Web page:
For 18 months, CSU anthropology professor Kate Browne followed a black family displaced by Hurricane Katrina.
Today, most of the 155 family members are back home in New Orleans.
But despite the nation’s largest natural disaster falling off the media radar, Browne says life in New Orleans isn’t quite peachy yet.
“The story doesn’t end with ‘glory hallelujah’ because they are still having immense problems,” she said. “There are so many people who have had horrible things they’ve had to face to get their lives back. The extent and scale of the disaster (is) still wreaking havoc in people’s lives.”
To help shine some light on the issue, Browne organized a Hurricane Katrina symposium to bring together experts to talk about various aspects of the storm and its aftermath – from the economic and political to the social and cultural.
The event, scheduled to run from 9 a.m. to 4:30 p.m. Saturday at the Tamasag Retreat Center, 4285 Larimer County Road 52E in Bellvue, will feature CSU professors from four colleges in addition to mental health experts from the Denver area.
Browne teaches a new course at CSU titled “New Orleans: Ethnographic Encounters with a Different America.” The professor’s research focuses on the values and cultural pattern of extended families in New Orleans.
“These large extended families is what most of America doesn’t understand,” she said. “Most have very deep roots…the draw of New Orleans is that it can teach us about who we are as Americans.”
Browne’s study of the extended family in the form of a documentary is expected to be complete by April, and she said she already has an agreement with PBS to show the film.
On Saturday, professors from various fields will tackle different aspects of the catastrophe.
Doug Rice from the Department of Environmental and Radiological Health Services will speak about his work assessing mold damage and related health concerns from the storm. Rice has made more than 20 trips to New Orleans since the storm hit.
Professors from the sociology, civil engineering and environmental and radiological health sciences departments will also make presentations.
Laura Williams, Colorado project manager for the Crisis Counseling Program Grant, is set to speak about how her agency counseled Katrina evacuees who came to Colorado – about 14,000, she estimated.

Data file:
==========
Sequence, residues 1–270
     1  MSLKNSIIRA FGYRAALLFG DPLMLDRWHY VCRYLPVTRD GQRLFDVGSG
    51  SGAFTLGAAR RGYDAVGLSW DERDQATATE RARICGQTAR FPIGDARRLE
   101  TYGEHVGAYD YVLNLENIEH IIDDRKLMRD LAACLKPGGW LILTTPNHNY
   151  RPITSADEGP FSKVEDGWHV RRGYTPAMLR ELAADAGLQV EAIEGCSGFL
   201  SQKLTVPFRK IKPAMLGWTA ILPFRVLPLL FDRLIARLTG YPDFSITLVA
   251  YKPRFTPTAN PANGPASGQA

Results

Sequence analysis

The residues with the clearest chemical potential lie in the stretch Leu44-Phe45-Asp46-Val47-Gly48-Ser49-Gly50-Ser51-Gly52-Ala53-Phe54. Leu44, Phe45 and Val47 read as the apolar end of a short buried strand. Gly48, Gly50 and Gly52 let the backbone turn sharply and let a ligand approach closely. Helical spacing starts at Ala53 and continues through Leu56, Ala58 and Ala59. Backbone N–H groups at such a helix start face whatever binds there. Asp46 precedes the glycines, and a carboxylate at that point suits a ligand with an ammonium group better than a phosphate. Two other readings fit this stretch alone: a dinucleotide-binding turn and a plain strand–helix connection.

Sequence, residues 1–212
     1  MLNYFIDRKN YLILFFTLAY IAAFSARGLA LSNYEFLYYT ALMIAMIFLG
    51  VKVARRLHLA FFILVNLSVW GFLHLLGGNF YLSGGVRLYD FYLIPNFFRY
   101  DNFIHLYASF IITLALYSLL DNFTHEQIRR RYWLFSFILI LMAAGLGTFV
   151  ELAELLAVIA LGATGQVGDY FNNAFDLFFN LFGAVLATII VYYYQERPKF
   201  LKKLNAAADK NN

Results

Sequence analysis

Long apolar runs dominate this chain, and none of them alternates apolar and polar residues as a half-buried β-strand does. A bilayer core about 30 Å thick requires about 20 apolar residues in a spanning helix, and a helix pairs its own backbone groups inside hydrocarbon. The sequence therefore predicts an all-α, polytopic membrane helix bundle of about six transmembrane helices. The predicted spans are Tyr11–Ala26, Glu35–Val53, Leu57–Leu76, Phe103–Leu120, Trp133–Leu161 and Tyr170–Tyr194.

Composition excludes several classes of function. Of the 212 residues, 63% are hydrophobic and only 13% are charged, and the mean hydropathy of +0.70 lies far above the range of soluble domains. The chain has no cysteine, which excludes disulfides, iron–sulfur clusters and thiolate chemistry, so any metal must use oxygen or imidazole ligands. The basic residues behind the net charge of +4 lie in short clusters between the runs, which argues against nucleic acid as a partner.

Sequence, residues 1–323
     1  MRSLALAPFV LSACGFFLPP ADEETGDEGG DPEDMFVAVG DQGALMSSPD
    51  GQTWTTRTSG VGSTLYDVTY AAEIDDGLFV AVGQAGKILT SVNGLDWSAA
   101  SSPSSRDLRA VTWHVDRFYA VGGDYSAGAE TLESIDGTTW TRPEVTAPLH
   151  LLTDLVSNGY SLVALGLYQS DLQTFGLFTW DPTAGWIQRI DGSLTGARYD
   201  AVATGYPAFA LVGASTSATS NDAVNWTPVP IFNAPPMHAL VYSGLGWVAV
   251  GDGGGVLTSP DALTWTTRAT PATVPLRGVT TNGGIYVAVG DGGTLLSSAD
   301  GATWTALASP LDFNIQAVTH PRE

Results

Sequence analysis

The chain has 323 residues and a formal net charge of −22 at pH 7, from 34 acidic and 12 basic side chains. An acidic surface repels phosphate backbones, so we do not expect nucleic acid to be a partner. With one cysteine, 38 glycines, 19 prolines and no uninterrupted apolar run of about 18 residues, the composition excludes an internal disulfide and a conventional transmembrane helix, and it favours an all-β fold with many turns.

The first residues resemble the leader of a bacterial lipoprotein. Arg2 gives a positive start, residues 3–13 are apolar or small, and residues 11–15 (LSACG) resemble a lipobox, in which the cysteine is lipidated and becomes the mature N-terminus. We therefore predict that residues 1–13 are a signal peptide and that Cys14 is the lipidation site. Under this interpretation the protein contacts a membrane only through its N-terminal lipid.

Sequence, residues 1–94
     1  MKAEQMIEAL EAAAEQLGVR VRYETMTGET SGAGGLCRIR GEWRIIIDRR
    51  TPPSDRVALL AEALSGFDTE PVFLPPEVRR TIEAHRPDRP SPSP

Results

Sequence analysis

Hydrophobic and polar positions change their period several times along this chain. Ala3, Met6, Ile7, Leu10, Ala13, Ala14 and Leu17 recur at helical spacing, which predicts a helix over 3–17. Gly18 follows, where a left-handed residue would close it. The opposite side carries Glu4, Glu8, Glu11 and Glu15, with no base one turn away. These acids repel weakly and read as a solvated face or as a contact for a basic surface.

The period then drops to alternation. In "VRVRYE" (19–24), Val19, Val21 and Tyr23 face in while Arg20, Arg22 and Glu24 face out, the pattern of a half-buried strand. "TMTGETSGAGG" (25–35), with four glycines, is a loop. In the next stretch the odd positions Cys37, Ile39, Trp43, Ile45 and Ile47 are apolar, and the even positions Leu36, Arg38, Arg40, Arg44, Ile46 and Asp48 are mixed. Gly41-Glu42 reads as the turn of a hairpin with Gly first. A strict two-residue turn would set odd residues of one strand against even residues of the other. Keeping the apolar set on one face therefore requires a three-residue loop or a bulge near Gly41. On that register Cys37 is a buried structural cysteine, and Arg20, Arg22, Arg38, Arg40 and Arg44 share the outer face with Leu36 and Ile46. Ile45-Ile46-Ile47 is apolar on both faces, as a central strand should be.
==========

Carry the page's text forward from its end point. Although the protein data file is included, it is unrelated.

The mental health expert said Katrina posed unique concerns to her agency.
“It was a very different type of disaster and required a different kind of response,” she said. “Everything they had, everything that was familiar to them was gone. It was just gone. Many of them had absolutely nothing.”
For Browne, her experiences working with the extended family have left her indignant – at the media, which she says she’s generally a supporter of, and especially at the federal government, which she says responded ineptly.
“There has been no responsible, sustained compassionate effort on the part of the government in the response to Katrina,” she said.
As an example, she cited a program that promises homeowners who had lost homes $150,000. It took about 15 months for members of the family she followed to even set up a meeting with federal officials.
And media coverage of the disaster shouldn’t have dipped so fast, and it shouldn’t have focused on the “way overblown” stereotypes of victims being poor and on welfare, she said. Members of the family Browne studied all had jobs, were hard working, and would be classified as lower-middle class.
“If more people saw up close what good, decent hardworking people have to experience,” she said, “they wouldn’t tolerate it.”
The symposium is free and open to the public. However, due to limited seating, registration is required. To register, call Rosalie Samaniego at 491-0930 or e-mail email@example.com.
Managing Editor Vimal Patel can be reached at firstname.lastname@example.org.
Schedule of Events
9 to 9:30 a.m.: Coffee and welcome.
9:30 to 10:15 a.m.: Dr. Chester Watson, Dept of Civil Engineering, CSU.
Dr. Watson will speak about the Mississippi River and how the levees contributed to coastal erosion that worsened the impact of Hurricane Katrina. Dr. Watson has worked extensively in the area with the Army Corps of Engineers.
10:30 to 11:15 a.m.: Dr. Doug Rice, Dept of Environmental and Radiological Health Services, (College of Veterinary Medicine and Biomedical Sciences), CSU.
Dr. Rice is a specialist in mold remediation and has made 22 trips to New Orleans since Katrina. He will discuss his work to assess damage from mold and related health concerns.
11:30 to 12:15 a.m.: Prof. Del Sandfort, Dept of Environmental and Radiological Health Sciences, (College of Veterinary Medicine and Biomedical Sciences), CSU.
An Industrial Hygienist, Dr. Sandfort will discuss his work in New Orleans helping to secure the safety of workers and clean-up crews.
12:15 to 1:30 p.m.: LUNCH, NEW ORLEANS STYLE! Donations toward cost of lunch appreciated.
1:30 to 2:15 p.m.: Laura Williams, Colo. Division of Mental Health, & David Duquette, Aurora Mental Health Center.
Ms. Williams, Crisis Counseling Program Manager for Disaster Mental Health, will talk about how her agency helped survivors who came to Colorado. Mr. Duquette, MS, Psy.D., was Team Leader in the field for 18 months following Katrina, working directly with evacuee individuals and families.
2:30 to 3:15 p.m.: George Cummings, Domestic Relief Mgr., Lutheran Family Services.
George Cummings will address how this agency, like Catholic Charities, has been working since Katrina to get people back on their feet with respect to the most basic needs of housing, transportation, and employment.
3:30 to 4:15 p.m.: Dr. Lori Peek, Dept. of Sociology, CSU.